Simone Weil, the noted 20th century French philosopher and mystic, observed how difficult it is to grow into knowing who Jesus really is. We sometimes find ourselves struggling to know who we are, let alone others. Even more difficult, then, it is to know Jesus. In 1950 Simone Weil published a book entitled Attente de Dieu. It was re-translated and published in English in 2012 as Awaiting God. In it she writes: “It is hard to sift through our lives to the actual truth of the person of Jesus.” Our experience confirms that. Yet, we know that Jesus reflects something of God, and that we, in our turn, reflect something of the goodness and love of Jesus. Yet, who exactly that Jesus is can be quite elusive.

Today’s gospel asks us if we are prepared to fall in behind Jesus. And if we say “yes” to that, then we really have to know the identity of the one we commit to following. We have to ask ourselves if we are following anyone other than ourselves, if we are following a Jesus we have modelled in our own likeness. The acid test is as simple as this: Does the faith we claim to profess reveal genuinely good news to the poor, the marginalised and the needy? If we care to think about the life of Jesus, we will discover that confrontation of injustice was no more popular in first-century Palestine than it is today in the so-called developed world. Jesus did not get into trouble because of the challenges he put to the people who came to sit at his feet. But he did rattle the cages of systems and institutions when he shook the foundations of well-established religious institutions and their customs and traditions. He did unsettle the authority and civil order put in place by Roman occupying forces and their puppets. He did threaten the rigid interpretation of the Law, offered by the religious authorities of his day.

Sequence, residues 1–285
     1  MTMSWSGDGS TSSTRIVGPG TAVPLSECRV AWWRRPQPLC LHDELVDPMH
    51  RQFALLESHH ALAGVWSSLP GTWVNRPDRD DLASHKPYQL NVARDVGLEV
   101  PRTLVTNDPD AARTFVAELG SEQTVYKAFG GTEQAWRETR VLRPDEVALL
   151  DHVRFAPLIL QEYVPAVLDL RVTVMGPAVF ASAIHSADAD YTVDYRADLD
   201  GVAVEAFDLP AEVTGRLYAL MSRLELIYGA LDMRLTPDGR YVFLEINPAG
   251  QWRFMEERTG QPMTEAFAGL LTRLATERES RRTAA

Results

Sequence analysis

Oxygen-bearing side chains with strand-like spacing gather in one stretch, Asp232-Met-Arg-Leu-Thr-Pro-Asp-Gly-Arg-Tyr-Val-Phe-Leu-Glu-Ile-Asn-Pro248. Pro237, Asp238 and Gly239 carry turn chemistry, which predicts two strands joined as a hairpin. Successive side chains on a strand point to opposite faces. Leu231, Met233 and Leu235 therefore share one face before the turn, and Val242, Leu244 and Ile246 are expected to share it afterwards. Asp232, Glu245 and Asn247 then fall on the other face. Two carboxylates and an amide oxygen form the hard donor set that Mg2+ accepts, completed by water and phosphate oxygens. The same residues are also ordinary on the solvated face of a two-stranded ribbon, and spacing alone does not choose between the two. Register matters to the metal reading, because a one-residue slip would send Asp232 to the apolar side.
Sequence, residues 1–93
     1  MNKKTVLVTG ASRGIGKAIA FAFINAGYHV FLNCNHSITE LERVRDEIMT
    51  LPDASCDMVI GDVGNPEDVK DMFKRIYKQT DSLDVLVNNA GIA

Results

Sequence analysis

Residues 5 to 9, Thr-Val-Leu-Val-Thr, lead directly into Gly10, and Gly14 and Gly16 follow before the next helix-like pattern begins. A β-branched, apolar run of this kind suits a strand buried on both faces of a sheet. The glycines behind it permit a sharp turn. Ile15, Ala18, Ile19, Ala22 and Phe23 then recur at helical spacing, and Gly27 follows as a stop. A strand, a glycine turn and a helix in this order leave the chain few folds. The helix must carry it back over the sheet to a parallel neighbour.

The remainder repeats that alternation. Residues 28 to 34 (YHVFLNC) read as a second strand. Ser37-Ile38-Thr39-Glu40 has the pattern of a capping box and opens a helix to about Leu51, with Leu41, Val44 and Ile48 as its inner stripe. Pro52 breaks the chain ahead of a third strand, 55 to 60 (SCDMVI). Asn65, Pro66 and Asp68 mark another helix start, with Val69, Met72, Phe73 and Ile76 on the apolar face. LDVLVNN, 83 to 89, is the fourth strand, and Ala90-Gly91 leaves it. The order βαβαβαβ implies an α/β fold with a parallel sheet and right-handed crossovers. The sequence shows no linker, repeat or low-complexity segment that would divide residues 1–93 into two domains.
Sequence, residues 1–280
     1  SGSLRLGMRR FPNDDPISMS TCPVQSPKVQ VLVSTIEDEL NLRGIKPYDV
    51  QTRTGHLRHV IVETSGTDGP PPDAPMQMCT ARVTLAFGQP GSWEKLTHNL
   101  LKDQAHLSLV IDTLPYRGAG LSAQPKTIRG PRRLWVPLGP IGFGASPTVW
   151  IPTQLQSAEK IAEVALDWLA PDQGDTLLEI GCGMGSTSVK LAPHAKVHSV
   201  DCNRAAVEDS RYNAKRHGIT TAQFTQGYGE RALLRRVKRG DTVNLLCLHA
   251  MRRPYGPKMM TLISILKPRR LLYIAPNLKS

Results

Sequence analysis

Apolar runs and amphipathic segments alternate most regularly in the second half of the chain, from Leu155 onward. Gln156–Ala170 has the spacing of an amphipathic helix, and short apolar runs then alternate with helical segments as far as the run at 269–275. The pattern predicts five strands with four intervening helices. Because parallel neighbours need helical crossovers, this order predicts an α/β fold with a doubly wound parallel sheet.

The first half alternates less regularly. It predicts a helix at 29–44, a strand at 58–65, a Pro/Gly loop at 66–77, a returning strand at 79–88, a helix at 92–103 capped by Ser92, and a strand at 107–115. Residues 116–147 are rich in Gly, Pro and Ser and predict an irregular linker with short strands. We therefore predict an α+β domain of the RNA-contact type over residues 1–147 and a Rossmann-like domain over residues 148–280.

To challenge any system or institution whose standards, protocols and practices are at odds with the Gospel is to court danger. Those who control wealth and power are not interested in having less so that the poor can have access to health, education, freedom and what is needed to sustain their lives and allow them to claim a place they can call “home”. Yet to advocate on their behalf is to risk the cross.

Back in 2006, the Jesuit magazine, America carried an article entitled “A Thief in the Night”. In it, Valerie Schultz described how her young, adult daughter had been held-up and robbed at gunpoint in a parking lot. At the time, Valerie and her husband were volunteers in a prison, doing what they could to reach out to prisoners. The incident caused Valerie and her husband to have second thoughts about returning to their prison ministry. On reflection, however, Valerie was able to write: “I believe that we have been called to visit the imprisoned…And it is not complicated, unless I make it that way. Jesus did not say: ‘When I was in prison you made excuses for me, you condoned my crimes, you sprang me by smuggling in a fake ID.’ What he did say was: ‘I was in prison and you visited me.’ To visit: that’s all he’s asking. But by treating inmates as fellow human beings, by focussing on rehabilitation and amends, by bringing Christ to the hearts and minds of those who are so often unloved and seemingly unreachable, of those who lack the freedom and privilege I take for granted, perhaps future crimes will be averted and future victims spared.”

“Who do you say I am?” How will you and I answer that now?